NEW DELHI — Her head covered in a red scarf, Hadiya, a 24-year-old Hindu woman from Kerala who converted to Islam, told the Supreme Court Nov. 27 that she wants "freedom and release." The top court set her free from the custody of her parents and directed that she be allowed to complete her studies at a Salem homeopathy college.
Born into an Hindu family and named Akhila Ashokan, she converted to Islam after marrying Shafin Jahan, a Muslim.
Her father had opposed her marriage and the National Investigation Agency is probing the case of 'Love Jihad' in Kerala.
Allowing Hadiya to walk free, the bench headed by Chief Justice of India Dipak Misra directed the Salem college to allow her to complete her house surgeon internship. She studies in Salem's Sivaraj Homoeopathic Medical Colleges and Research Institute.
Diminutive Hadiya spoke in Malayalam, which was translated for the bench by a lawyer.
She had to wait for about two hours before the bench decided to interact with her.
In arguments that were spread over nearly two hours, the clincher came as senior counsel Kapil Sibal told the court that he was not arguing on Hadiya's marriage with Shafin Jahan or on her conversion to Islam, but the fact that was being kept in the custody of her father.
Sibal, who appeared for Shafin Jahan, cited Article 21 of the Constitution saying that no person could be deprived of his life and liberty without due process of law.
The court directed that she be allowed to meet people as per the medical college hostel rules.
The court order came after the bench, also comprising Justice A.M. Khanwilkar and Justice D.Y. Chandrachud, interacted with her for about 25 minutes during which she expressed her desire to complete her house surgeon internship and pursue her career as a homeopathic doctor.
"Freedom, release," Hadiya said in response to a question from Justice Chandrachud "What is your dream for the future?"
She has been in the custody of her parents for the last eight months.
The court inquired with whom she would be leaving after she was freed from her parents care. Hadiya said she would stay with her husband.
The questions asked by Justice Chandrachud centered around qualification, interest in studies, perception of life and what she intends to do. She told the court that she wants to complete her internship and intends to become a full-fledged doctor.
The court directed the Kerala government to ensure that Hadiya safely reaches her medical college in Salem in the custody of plain clothes police personnel.
Directing the medical college to admit her and provide her hostel facilities, the court said, "She will be treated like any other student and will be guided by the hostel rules."
If necessary, the expenses for pursuing the course and for the hostel shall be borne by the State of Kerala, the court said underlining that its order be "followed in letter and spirit by all concerned."
At the outset of the hearing, senior counsel Shyam Divan, appearing on behalf of Hadiya's father Asokan, urged the court to conduct the interaction with her on camera.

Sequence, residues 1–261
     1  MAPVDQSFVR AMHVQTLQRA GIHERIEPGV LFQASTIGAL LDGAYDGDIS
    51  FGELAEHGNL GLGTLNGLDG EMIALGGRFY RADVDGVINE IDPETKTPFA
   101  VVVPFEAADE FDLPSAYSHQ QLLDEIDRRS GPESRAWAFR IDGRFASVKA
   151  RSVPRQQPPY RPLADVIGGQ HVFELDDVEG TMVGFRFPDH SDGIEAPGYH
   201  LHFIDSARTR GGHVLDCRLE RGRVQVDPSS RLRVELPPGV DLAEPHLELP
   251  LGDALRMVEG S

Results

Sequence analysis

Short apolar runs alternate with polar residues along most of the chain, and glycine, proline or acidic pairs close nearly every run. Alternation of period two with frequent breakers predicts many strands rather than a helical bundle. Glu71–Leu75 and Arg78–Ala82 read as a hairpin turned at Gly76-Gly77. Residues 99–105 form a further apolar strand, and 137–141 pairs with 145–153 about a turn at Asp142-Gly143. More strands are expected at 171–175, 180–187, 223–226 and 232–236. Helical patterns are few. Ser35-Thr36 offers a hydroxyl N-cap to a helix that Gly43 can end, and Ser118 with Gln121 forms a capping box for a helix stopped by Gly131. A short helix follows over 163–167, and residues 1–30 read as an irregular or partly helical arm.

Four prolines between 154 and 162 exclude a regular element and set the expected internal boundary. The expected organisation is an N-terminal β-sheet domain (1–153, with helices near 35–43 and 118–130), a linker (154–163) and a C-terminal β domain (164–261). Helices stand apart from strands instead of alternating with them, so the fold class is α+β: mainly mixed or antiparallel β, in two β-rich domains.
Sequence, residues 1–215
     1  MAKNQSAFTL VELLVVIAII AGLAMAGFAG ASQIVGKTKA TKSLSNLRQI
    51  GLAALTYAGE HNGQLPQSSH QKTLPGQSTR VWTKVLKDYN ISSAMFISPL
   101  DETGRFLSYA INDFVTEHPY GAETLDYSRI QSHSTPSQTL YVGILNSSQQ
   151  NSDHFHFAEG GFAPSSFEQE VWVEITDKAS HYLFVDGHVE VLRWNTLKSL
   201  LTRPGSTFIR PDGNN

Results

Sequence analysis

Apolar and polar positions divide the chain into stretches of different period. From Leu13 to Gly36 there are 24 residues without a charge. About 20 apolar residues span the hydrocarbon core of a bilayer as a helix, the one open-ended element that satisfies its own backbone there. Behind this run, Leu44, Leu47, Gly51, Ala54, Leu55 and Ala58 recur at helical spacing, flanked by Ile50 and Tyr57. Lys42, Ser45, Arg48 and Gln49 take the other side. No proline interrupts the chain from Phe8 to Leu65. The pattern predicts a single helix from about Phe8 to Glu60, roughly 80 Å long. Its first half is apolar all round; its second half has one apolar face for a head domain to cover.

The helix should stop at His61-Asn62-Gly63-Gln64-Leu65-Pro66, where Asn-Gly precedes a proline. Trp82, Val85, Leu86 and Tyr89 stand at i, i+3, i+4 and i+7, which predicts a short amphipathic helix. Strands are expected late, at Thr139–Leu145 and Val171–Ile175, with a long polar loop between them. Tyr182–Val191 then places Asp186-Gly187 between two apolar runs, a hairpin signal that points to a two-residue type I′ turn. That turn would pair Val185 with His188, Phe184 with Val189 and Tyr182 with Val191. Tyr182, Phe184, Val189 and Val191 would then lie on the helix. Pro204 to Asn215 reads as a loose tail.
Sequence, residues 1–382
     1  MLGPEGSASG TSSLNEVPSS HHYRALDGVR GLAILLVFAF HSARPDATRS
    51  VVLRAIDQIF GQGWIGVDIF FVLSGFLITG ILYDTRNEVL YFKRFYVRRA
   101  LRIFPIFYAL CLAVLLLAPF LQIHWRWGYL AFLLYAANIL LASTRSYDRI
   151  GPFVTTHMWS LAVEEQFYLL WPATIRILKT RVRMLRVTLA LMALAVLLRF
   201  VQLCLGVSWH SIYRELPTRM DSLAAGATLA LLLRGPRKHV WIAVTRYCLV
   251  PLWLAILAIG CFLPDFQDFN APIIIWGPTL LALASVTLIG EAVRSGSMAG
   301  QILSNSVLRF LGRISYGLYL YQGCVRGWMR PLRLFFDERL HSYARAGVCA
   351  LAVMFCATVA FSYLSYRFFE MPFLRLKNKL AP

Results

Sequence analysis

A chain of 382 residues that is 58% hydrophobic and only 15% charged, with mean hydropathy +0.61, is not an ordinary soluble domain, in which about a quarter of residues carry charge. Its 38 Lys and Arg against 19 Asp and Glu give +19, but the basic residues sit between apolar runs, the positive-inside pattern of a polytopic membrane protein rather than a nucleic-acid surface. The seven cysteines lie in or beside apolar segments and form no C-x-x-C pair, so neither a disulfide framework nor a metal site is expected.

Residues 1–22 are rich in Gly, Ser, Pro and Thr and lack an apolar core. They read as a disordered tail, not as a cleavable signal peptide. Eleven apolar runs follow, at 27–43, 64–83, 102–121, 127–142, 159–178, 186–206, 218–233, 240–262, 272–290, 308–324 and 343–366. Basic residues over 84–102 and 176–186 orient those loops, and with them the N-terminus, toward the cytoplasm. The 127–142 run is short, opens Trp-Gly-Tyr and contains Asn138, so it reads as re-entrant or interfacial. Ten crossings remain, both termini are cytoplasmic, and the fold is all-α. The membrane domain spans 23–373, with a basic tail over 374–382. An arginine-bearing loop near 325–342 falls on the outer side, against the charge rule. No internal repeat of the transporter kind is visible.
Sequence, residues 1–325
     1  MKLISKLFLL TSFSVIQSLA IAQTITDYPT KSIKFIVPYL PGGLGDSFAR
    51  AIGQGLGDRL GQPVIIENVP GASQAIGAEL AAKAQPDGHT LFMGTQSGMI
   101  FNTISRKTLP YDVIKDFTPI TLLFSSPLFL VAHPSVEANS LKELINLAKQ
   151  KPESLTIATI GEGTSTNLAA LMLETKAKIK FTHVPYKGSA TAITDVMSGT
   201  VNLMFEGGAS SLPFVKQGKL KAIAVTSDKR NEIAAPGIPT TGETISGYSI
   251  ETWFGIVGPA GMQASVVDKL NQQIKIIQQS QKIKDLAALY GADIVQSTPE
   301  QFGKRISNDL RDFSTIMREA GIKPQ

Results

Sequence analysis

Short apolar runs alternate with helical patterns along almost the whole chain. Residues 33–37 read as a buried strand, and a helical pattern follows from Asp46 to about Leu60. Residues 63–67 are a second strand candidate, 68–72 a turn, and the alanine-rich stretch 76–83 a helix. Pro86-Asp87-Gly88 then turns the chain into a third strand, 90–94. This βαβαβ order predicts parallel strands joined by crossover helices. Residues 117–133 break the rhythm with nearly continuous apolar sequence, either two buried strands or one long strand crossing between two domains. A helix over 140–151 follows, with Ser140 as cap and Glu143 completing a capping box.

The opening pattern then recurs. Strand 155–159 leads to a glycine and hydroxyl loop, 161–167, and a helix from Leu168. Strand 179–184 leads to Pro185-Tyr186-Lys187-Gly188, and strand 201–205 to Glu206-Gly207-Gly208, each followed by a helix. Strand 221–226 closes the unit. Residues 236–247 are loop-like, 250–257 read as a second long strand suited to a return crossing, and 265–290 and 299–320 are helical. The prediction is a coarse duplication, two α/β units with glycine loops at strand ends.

He said this to request the recall of the Oct. 30 order saying that the bench would interact with Hadiya in the open court.
Urging the court hear them first, Divan said that the constitutional question that arises is whether in a pluralistic society, can such radicalization be permitted to go on.
The NIA, which is investigating the larger conspiracy behind what is being described as "Love Jihad" by a "well-oiled" Islamic organization, told the court that it should first look at the "compelling material" that it has collected before interacting with Hadiya.
While on the one hand Additional Solicitor General Maninder Singh told the bench that the NIA was not concerned with the Hadiya case and was looking into the larger conspiracy, he at the same time insisted the court should first look at the six pages of a 100-page status report carrying "compelling material" on the existence of a well-oiled organization engaged in indoctrinating vulnerable minds.
In a dig at the ASG Singh, Sibal in a banter said they say "she is doctored, but she is a doctor."
Sibal said that "she should not be gagged. She should have liberty to go anywhere from here. She should have a right to decide about herself and personal autonomy. If the court thinks that Shafin Jahan has done anything wrong, then he can be acted against under the law but 'you can't stifle' her voice."
The court made it clear that the NIA will continue with its investigation.
"We make it clear that the NIA investigation shall continue in accordance with law," the court said in its order.
Hadiya was asked to be present in the court Nov. 27 to ascertain her views on her marriage to a Muslim man, Shafin Jahan. Her parents have alleged it is a case of "forced conversion."
Her father, Asokan, has alleged that she was a pawn in the larger scheme of indoctrinating and recruiting of ISIS recruits. Earlier, the Kerala High Court had nullified her marriage to Jahan and she was given in the custody of her father.
Shafin Jahan had challenged the Kerala High Court order of May nullifying his marriage with Hadiya and sought a recall of the court order asking the NIA to investigate the conversion of Hadiya to Islam and her marriage.
The court permitted her to approach it in case of any difficulty, hastily clarifying that this would not include admission to a hostel or college.
Per the court order, Hadiya returned to college in Salem in Tamil Nadu Nov. 28.
On Nov. 27, Hadiya told the apex court that she wants to meet her husband and does not need any local guardian.